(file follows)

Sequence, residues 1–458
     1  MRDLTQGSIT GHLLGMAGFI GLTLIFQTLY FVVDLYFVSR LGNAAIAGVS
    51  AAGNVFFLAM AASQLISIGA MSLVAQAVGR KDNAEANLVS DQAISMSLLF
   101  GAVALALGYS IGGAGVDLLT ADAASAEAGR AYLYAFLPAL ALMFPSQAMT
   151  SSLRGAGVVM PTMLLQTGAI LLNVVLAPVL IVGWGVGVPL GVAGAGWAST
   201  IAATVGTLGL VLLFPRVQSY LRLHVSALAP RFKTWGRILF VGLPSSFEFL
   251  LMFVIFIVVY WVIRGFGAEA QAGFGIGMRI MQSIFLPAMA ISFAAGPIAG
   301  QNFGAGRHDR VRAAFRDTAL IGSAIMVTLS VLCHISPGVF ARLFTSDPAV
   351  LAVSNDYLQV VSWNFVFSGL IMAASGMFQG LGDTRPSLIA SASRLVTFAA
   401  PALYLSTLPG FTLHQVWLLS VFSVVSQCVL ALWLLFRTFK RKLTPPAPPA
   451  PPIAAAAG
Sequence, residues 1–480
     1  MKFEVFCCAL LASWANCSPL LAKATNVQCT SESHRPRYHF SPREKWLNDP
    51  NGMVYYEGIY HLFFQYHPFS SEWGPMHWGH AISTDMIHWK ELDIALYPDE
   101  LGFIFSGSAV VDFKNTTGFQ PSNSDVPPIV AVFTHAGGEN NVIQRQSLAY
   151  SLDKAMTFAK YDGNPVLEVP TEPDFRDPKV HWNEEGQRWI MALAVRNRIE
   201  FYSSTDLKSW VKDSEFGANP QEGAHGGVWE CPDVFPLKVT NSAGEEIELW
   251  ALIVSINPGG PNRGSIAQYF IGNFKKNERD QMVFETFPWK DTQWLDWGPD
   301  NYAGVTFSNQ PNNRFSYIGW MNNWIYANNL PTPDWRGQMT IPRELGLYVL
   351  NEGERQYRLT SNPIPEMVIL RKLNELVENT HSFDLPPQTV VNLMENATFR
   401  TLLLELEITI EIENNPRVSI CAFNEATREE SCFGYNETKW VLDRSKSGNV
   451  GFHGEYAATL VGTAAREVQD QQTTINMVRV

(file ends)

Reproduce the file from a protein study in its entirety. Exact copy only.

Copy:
Sequence, residues 1–458
     1  MRDLTQGSIT GHLLGMAGFI GLTLIFQTLY FVVDLYFVSR LGNAAIAGVS
    51  AAGNVFFLAM AASQLISIGA MSLVAQAVGR KDNAEANLVS DQAISMSLLF
   101  GAVALALGYS IGGAGVDLLT ADAASAEAGR AYLYAFLPAL ALMFPSQAMT
   151  SSLRGAGVVM PTMLLQTGAI LLNVVLAPVL IVGWGVGVPL GVAGAGWAST
   201  IAATVGTLGL VLLFPRVQSY LRLHVSALAP RFKTWGRILF VGLPSSFEFL
   251  LMFVIFIVVY WVIRGFGAEA QAGFGIGMRI MQSIFLPAMA ISFAAGPIAG
   301  QNFGAGRHDR VRAAFRDTAL IGSAIMVTLS VLCHISPGVF ARLFTSDPAV
   351  LAVSNDYLQV VSWNFVFSGL IMAASGMFQG LGDTRPSLIA SASRLVTFAA
   401  PALYLSTLPG FTLHQVWLLS VFSVVSQCVL ALWLLFRTFK RKLTPPAPPA
   451  PPIAAAAG
Sequence, residues 1–480
     1  MKFEVFCCAL LASWANCSPL LAKATNVQCT SESHRPRYHF SPREKWLNDP
    51  NGMVYYEGIY HLFFQYHPFS SEWGPMHWGH AISTDMIHWK ELDIALYPDE
   101  LGFIFSGSAV VDFKNTTGFQ PSNSDVPPIV AVFTHAGGEN NVIQRQSLAY
   151  SLDKAMTFAK YDGNPVLEVP TEPDFRDPKV HWNEEGQRWI MALAVRNRIE
   201  FYSSTDLKSW VKDSEFGANP QEGAHGGVWE CPDVFPLKVT NSAGEEIELW
   251  ALIVSINPGG PNRGSIAQYF IGNFKKNERD QMVFETFPWK DTQWLDWGPD
   301  NYAGVTFSNQ PNNRFSYIGW MNNWIYANNL PTPDWRGQMT IPRELGLYVL
   351  NEGERQYRLT SNPIPEMVIL RKLNELVENT HSFDLPPQTV VNLMENATFR
   401  TLLLELEITI EIENNPRVSI CAFNEATREE SCFGYNETKW VLDRSKSGNV
   451  GFHGEYAATL VGTAAREVQD QQTTINMVRV